Boris Johnson, front-runner to be the U.K.’s next prime minister, has insisted he wants to take the country out of the EU on October 31-but didn’t give a cast-iron guarantee.
In a second TV debate between the five remaining candidates to become Conservative Party leader and hence prime minister, Johnson said it was “eminently feasible” for the U.K. to leave the EU by the October 31 deadline, itself an extension of the original March deadline.
Challenged to guarantee the date, Johnson replied: “If we allow 31 October to come and go as we let March come and go, I think the public would look on us with increasing mystification.”
Johnson’s opponents-environment secretary Michael Gove, international development secretary Rory Stewart, home secretary Sajid Javid and foreign secretary Jeremy Hunt-were also challenged on the Brexit date, and whether they would be prepared to take the U.K. out of the EU without a formal withdrawal agreement.
The failure to get parliament to agree to an exit deal with the EU lay behind the downfall of previous Prime Minister Theresa May, who is currently serving her notice period while the contest to replace her is under way. But leaving without one could cause an economic downturn and a diplomatic rupture between the U.K. and its closest neighbors.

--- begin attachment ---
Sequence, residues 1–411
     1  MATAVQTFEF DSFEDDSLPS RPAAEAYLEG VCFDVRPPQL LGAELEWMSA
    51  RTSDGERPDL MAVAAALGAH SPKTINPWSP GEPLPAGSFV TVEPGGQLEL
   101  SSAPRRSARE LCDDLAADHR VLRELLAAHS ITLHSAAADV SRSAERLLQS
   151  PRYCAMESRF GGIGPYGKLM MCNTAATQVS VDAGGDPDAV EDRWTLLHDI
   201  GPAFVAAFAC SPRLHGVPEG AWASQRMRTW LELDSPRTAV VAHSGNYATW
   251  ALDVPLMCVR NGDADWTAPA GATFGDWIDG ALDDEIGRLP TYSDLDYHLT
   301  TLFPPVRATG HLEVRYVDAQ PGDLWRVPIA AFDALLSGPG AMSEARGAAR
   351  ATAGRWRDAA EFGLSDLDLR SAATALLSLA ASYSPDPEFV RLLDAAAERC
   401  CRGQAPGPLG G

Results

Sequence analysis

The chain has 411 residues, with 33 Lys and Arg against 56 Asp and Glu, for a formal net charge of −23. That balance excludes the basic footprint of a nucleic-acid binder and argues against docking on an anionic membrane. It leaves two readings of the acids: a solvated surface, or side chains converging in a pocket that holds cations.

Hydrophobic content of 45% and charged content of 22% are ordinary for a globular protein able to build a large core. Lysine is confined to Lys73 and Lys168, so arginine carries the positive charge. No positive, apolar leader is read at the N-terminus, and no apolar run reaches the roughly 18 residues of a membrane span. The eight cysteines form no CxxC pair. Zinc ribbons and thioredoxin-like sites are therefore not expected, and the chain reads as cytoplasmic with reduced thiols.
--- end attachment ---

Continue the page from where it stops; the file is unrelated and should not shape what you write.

Javid said the October 31 deadline “focused minds” whereas both Gove and Hunt said extra time may be needed to negotiate with the EU and get a deal through parliament. Stewart, a staunch opponent of leaving with no deal and Johnson’s most vocal critic in the contest, was more pessimistic and said his colleagues lacked realism. They were instead “staring at the wall and saying ‘believe in Britain,'” Stewart said.
The contenders also clashed on the Irish border, public service cuts, climate change and Islamophobia. The five candidates did agree on one thing: they ruled out calling a general election until Brexit is resolved.
Former Brexit minister, Dominic Raab, was eliminated following a vote among Conservative Party MPs before the debate. Another vote will follow today.
EU officials think all the candidates are being unrealistic, and that the idea of a no-deal Brexit is “increasingly likely,” reported the BBC’s Europe editor.
Meanwhile, at a private breakfast on Tuesday June 18, Johnson, an outspoken euroskeptic and key figure in the campaign to leave the EU in 2016, tried to win over senior business leaders.
Following reports last year that while in government, Johnson had exclaimed “f*** business” when asked about corporate leaders’ opposition to a no-deal Brexit, this week he offered tax cuts and promised a pro-business agenda as prime minister, reported The Financial Times.
But despite his claim that his eight-year stint as mayor of London had shown a pro-business agenda, senior executives present again voiced concern at his casual approach to Brexit and a possible no-deal exit.